Rocco went to one of the best high schools in Rhode Island, a highly regarded private Catholic school. (If this sounds a bit like our own Joe Mauer, who graduated from Cretin-Derham Hall, a highly regarded Catholic high school in Minnesota, it probably should, as many of the parallels seem worth considering).
Rocco graduated in the top 10% of his class, while excelling in four sports: Baseball, Basketball, Track & Field, and Volleyball. Volleyball, in fact, was described to me by more than one person as the sport in which Rocco was perhaps best at, and he was outstanding at all of them.
Joe Mauer, fans remember, was offered a scholarship to play quarterback at Florida State, and he was an outstanding basketball player too. Mauer, also seems to be universally regarded as a genuinely nice guy. Maybe, just maybe, nice guys can potentially finish first. While Mauer didn’t have the talent around him to bring the Twins to the World Series, Baldelli might.
One of the people with whom I spoke was Paul Danesi, the Chief Financial Officer of Bishop Hendricken High School (you can see him in the Paul Schmit piece linked below). Danesi knew Rocco well, and was adamant, in insisting to me that anything that I wrote should focus upon Rocco’s intelligence, and his ability to understand the analytics of baseball (and probably the analytics of life). Whatever I did, whatever I wrote, I shouldn’t lose sight of the fact that Rocco was a really smart young man, and that intelligence, more than a baseball career in itself, is what led him ultimately to manage the Twins.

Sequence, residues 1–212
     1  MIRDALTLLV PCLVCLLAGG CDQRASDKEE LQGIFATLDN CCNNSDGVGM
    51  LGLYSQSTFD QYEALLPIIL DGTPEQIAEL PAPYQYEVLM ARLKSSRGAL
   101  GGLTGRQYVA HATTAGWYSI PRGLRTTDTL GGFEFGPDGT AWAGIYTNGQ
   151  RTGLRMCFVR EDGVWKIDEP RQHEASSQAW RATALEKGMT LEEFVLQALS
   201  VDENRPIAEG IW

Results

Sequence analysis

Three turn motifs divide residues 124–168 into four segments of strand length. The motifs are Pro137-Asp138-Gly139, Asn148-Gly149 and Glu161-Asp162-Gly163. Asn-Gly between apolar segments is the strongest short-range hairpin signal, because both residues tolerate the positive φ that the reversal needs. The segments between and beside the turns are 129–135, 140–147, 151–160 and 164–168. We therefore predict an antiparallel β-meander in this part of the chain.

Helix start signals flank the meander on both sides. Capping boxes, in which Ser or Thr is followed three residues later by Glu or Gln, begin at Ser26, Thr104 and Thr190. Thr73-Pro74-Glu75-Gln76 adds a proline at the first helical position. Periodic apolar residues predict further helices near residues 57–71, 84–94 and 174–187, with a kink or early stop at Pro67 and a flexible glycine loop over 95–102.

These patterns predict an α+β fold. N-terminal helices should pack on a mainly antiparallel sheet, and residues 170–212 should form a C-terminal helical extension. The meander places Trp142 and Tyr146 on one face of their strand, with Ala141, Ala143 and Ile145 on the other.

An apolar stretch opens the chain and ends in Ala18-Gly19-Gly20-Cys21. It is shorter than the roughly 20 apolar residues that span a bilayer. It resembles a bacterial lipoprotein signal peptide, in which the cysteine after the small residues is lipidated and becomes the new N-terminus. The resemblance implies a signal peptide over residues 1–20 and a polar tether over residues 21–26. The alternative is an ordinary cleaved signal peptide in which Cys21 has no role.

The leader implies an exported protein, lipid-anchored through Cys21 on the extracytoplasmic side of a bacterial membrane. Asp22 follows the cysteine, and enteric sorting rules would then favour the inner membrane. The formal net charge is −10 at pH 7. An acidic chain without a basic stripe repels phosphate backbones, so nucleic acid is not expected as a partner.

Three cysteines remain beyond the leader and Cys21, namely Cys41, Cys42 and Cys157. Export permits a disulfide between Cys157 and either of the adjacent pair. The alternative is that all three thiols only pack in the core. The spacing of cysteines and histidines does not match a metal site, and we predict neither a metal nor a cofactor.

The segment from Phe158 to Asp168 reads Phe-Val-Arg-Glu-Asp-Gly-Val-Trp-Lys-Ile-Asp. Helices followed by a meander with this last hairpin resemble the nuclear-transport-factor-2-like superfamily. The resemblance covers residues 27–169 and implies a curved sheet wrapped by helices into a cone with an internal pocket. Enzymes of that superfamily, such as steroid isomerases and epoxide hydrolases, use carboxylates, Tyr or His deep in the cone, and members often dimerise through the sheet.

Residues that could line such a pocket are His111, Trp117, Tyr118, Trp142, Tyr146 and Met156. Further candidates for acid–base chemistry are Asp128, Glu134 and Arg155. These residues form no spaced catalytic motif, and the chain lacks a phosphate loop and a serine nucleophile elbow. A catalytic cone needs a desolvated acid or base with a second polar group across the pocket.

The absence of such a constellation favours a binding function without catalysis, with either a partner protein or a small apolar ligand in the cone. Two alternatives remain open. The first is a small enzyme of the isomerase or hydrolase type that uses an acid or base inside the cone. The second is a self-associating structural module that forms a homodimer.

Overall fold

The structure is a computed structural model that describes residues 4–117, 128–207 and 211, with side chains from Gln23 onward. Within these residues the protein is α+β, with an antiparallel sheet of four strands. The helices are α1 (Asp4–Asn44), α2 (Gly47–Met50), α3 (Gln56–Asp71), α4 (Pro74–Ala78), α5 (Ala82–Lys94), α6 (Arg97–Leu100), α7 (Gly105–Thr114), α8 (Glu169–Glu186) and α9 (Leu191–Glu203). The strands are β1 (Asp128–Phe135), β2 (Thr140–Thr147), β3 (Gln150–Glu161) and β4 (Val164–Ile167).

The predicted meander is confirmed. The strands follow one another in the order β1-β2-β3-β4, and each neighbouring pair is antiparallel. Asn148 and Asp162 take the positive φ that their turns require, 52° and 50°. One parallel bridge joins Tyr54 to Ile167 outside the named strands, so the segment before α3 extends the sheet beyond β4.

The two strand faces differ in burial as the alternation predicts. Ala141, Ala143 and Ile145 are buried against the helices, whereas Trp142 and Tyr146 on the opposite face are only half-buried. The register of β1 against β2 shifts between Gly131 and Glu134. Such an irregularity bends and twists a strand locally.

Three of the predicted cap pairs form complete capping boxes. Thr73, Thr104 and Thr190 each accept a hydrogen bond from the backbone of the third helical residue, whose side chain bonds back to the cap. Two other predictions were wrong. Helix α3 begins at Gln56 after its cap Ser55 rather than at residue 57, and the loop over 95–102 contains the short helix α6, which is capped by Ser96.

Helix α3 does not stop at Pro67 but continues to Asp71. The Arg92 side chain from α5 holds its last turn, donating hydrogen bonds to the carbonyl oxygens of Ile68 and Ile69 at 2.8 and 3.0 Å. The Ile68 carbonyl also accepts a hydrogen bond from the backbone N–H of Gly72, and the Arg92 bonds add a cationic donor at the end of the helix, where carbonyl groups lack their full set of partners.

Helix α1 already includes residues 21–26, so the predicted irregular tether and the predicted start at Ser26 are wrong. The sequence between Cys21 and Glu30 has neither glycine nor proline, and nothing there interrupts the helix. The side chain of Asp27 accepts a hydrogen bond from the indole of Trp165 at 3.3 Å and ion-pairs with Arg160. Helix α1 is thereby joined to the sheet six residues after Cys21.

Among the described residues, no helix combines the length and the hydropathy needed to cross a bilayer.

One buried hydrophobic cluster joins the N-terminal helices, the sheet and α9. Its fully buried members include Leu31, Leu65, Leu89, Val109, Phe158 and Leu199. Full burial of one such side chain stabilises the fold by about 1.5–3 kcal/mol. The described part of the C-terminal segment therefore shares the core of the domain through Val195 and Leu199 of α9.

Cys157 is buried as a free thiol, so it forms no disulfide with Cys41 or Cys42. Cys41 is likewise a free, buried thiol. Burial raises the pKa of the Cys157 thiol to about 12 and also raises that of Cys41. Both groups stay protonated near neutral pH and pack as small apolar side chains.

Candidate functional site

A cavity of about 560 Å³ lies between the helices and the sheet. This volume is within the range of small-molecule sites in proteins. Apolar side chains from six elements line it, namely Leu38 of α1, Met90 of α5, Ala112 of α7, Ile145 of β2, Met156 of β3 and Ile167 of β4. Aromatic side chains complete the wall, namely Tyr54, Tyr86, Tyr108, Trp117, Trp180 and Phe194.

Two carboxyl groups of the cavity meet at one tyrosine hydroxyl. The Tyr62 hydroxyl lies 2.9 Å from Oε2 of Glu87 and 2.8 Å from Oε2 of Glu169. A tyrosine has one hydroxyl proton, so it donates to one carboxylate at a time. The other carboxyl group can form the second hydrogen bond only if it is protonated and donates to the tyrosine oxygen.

Baldelli has lived through a lot for a 38 year-old man. He’s suffered debilitating sports injuries, including a leg injury so bad his freshman year of high school that playing sports at any decent level after that was somewhat in doubt. He’s torn an ACL, had Tommy John surgery, he’s suffered from Lyme Disease, and Mono…he’s been through a lot, and made his way through all of it.
But back to the hire. During Rocco’s playing career, and short coaching career, he worked for Lou Piniella, Joe Madden, Terry Francona, and Kevin Cash. That’s a lot of star power in a relatively short list of managers. While lots of intelligent people work for other intelligent people, the most intelligent people truly learn from those experiences.
It speaks to the intelligence of Falvey and Levine that they want truly intelligent people working for them, and frankly, despite the many rhetorical beatings that the Pohlad family sometimes takes, it also speaks well of them that they are willing to hire young, somewhat unproven smart people to lead the franchise into the future.